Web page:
Harry Sythe Cummings House
The Final Home of Baltimore's First Black City Councilman
A neglected brick rowhouse at 1318 Druid Hill Avenue was once the residence of Baltimore’s first black City Councilman Harry S. Cummings.
Harry S. Cummings, his wife Blanche Teresa Conklin and their two children Louise Virginia and Harry Sythe Cummings, Jr. moved to 1318 Druid Hill Avenue in 1911. The family hadn't moved far. They had moved to 1234 Druid Hill Avenue in 1898 and Cummings' sister continued to live in the house up through the 1950s. This house, later known as Freedom House for its' role as offices for the local chapter of the NAACP, was torn down by Bethel AME Church in November 2015.
The rowhouse at 1318 Druid Hill Avenue was not only a family home but also a place for politics. Cummings campaigned and won re-election to the City Council in 1911 and 1915. In 1912, Cummings hosted the Seventeenth Ward Organization at his home where local Republicans met to endorse President William Howard Taft. Unfortunately, Cummings fell ill at age fifty-one and, on September 5, 1917, the Sun reported that Cummings was "critically ill at his home, 1318 Druid Hill Avenue, of a complication of diseases and a blood clot on the brain. It was said last night that he had not spoken since last Friday."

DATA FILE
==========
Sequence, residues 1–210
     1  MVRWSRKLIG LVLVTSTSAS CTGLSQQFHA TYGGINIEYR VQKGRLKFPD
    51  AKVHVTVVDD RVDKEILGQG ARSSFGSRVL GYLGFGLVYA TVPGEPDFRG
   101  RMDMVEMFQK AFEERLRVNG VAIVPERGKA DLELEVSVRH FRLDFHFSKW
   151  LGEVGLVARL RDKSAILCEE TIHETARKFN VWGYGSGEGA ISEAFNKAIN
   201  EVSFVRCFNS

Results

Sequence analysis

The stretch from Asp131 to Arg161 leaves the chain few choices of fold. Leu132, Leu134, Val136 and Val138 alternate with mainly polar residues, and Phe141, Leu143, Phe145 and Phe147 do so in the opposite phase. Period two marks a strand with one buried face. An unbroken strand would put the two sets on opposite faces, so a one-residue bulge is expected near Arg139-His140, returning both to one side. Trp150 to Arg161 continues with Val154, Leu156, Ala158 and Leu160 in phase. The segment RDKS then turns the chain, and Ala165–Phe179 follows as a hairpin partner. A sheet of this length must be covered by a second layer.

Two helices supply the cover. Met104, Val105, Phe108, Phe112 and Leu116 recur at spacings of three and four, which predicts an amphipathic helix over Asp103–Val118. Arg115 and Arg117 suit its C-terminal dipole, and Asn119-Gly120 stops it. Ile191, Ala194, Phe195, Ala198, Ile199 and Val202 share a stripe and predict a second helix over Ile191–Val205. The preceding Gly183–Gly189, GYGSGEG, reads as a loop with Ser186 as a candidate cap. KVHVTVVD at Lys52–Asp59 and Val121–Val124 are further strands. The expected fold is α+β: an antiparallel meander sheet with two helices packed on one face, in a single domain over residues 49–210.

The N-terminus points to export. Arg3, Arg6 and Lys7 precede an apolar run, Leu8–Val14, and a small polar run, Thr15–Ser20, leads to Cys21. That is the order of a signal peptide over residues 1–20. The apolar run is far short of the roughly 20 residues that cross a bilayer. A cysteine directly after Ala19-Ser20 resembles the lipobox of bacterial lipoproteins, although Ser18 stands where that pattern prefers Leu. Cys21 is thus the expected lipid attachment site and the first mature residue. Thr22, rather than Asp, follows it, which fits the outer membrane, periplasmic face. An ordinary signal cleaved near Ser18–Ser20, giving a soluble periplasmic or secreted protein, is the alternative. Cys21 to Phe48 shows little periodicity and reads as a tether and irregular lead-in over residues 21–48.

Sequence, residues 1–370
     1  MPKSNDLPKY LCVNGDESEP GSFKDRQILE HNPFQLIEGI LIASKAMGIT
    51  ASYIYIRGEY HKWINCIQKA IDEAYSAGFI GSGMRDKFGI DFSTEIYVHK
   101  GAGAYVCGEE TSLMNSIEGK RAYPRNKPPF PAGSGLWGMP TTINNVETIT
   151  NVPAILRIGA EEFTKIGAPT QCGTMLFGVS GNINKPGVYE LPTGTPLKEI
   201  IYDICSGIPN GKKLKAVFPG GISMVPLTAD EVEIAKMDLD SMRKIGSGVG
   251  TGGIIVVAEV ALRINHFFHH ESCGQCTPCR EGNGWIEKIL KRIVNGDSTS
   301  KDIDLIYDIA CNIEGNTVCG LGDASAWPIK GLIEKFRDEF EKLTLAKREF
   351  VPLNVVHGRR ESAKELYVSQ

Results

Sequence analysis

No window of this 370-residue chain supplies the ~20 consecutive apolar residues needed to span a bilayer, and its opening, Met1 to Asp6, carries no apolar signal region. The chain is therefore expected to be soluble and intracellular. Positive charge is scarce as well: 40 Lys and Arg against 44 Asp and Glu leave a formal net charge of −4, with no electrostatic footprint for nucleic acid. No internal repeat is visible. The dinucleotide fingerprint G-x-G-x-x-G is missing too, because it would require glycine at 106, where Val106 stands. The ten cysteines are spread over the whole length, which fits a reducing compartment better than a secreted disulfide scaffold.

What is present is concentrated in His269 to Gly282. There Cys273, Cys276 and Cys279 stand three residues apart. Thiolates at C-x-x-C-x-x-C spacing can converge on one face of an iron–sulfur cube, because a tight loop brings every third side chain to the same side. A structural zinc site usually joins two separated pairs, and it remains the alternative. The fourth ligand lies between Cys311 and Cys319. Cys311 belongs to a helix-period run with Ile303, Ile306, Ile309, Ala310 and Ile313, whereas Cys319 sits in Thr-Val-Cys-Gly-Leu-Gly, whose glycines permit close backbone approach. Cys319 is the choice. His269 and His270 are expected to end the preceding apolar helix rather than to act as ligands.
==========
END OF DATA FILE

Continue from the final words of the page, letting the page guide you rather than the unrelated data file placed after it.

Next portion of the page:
Cummings died on September 7, 1917, at his home. On Monday, September 10, thousands of people, both white and black, visited the Metropolitan M.E. Church on Orchard Street to see the “remains lay in state” and hundreds of people visited his home. Rev. Leonard Z. Johnson, the pastor of Madison Street Presbyterian Church, conducted a brief service at 1318 Druid Hill Avenue, remarking:
“This life is a token and a proof of Negro possibility in the sphere of life achievement, if given its chances to fulfil itself, and while such Negro possibility shows there shall none, of right reason, decry the Negro people and race and reuse right and a place of common human respect and equal opportunity of strong life in the citizen life of the nation.”
Blanche T. Cummings continued to live in the house up until her death on January 12, 1955, and the property remained in family ownership up until 2005. Despite the deteriorated condition of the building today, the backyard still holds a reminder of the Cummings family—a rare American Elm planted on Harry S. Cummings, Jr.’s seventh birthday. Neighbors hope to see the history of this home and memories of the Cummings family preserved of for generations to come.